§ 53.5     Advise and Assist Debtor
Cite as:    Keith M. Lundin, Lundin On Chapter 13, § 53.5, at ¶ ____, LundinOnChapter13.com (last visited __________).

The Chapter 13 trustee has a statutory duty to advise and assist the debtor in performance under the plan, but the trustee is prohibited from giving legal advice and is not a substitute for effective debtor’s counsel.1 The trustee also has important fiduciary responsibilities to creditors. These roles inevitably conflict, rendering the trustee an inadequate advocate for individual debtors.


There is a fine line between advising and assisting the debtor and giving legal advice. The Chapter 13 trustee can maintain a lawsuit against a creditor on the debtor’s behalf without violating the proscription against legal advice to the debtor.2 On unusual facts, one court of appeals chided the Chapter 13 trustee for violating the obligation to assist debtors when the trustee recovered an overpayment to a creditor in one Chapter 13 case by withholding payments to that same creditor in an unrelated Chapter 13 case.3


In some jurisdictions, the standing trustee provides extensive counseling and education to all Chapter 13 debtors in the form of videotapes or seminars that the debtor may be required to attend. Advice is included regarding budgeting, credit, shopping, transportation, housing and the like. In other jurisdictions, the Chapter 13 trustee plays no role other than to receive and disburse funds. It has been held that it is appropriate for a Chapter 13 trustee to provide financial counseling to a debtor.4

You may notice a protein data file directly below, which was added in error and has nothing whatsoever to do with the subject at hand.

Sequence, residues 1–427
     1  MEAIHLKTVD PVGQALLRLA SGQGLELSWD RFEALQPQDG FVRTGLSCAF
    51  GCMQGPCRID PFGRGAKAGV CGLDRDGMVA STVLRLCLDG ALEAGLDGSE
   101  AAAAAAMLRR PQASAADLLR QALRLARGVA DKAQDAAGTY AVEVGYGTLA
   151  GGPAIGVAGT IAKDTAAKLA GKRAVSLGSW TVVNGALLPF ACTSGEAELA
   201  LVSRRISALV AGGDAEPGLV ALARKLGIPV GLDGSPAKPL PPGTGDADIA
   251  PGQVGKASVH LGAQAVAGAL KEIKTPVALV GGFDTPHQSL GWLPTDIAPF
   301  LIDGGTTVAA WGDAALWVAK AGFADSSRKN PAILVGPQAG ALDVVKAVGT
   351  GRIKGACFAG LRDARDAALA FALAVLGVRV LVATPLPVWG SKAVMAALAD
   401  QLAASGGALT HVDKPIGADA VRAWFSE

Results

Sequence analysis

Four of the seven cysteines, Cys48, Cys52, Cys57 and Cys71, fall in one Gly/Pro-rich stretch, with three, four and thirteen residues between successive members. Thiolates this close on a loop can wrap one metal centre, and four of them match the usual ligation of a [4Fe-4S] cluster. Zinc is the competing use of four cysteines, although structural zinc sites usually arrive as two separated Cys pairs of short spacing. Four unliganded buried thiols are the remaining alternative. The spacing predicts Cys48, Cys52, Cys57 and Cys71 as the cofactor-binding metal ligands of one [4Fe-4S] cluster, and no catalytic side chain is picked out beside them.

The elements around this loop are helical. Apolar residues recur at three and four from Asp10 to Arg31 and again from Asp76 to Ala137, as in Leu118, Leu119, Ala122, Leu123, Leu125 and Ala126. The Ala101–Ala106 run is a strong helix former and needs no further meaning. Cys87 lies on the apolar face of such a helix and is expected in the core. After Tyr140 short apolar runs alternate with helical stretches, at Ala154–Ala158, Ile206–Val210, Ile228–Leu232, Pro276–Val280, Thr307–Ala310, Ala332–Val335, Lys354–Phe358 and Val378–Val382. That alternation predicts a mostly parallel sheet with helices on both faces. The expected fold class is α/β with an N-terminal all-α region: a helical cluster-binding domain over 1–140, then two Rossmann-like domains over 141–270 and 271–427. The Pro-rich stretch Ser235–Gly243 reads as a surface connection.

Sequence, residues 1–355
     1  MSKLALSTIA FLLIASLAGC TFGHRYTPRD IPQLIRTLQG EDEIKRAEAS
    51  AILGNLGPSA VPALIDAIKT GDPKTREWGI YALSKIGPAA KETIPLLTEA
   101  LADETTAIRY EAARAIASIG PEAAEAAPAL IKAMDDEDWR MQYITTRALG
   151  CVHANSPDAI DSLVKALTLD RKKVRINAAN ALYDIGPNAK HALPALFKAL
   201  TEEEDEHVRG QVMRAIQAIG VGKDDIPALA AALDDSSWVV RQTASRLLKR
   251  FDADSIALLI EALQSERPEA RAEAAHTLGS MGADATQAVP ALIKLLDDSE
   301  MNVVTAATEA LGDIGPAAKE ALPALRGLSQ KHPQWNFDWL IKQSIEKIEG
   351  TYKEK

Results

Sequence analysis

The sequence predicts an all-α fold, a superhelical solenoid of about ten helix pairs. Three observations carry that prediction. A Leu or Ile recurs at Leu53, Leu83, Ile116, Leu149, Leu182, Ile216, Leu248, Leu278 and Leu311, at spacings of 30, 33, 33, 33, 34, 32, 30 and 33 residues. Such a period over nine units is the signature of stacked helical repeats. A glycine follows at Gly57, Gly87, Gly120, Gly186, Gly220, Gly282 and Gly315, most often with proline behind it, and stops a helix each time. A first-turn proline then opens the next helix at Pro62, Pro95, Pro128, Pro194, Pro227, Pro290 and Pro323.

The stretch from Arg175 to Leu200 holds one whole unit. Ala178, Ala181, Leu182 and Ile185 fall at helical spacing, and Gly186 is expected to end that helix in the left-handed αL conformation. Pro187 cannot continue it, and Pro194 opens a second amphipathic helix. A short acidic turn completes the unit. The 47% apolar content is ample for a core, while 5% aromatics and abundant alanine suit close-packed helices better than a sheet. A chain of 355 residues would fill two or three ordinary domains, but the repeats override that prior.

The Bankruptcy Court for the Southern District of Ohio has broadly conceived the role of the Chapter 13 trustee to advise and assist debtors:

[I]t is the view of this Court that the Trustee is far more than a mere disbursing agent and has the statutory authority and ability to assist eligible debtors in their credit transactions that occur between confirmation and consummation of the plan. Standing chapter 13 Trustees should be encouraged by the U.S. Trustee Program to make reasonable efforts to provide credit rehabilitation services to chapter 13 debtors both pre- and post-consummation. It is only through such efforts that cycles of poor financial judgment can be broken and debtors can be returned to the market and credit community with a greater likelihood of success.5


1  11 U.S.C. § 1302(b)(4).


2  Boyajian v. Associates Fin. Servs. Co. (In re Sherman), 13 B.R. 259 (Bankr. D.R.I. 1981) (Trustee is permitted to maintain truth-in-lending action against a creditor without violating 11 U.S.C. § 1302(b)(4).).


3  Ford Motor Credit Co. v. Stevens (In re Stevens), 130 F.3d 1027 (11th Cir. 1997).


4  Gulf Petroleum, S.A. v. Marrero, 7 B.R. 586 (Bankr. D.P.R. 1980). See In re Kutner, 3 B.R. 422 (Bankr. N.D. Tex. 1980).


5  In re Brown, 170 B.R. 362, 366 (Bankr. S.D. Ohio 1994).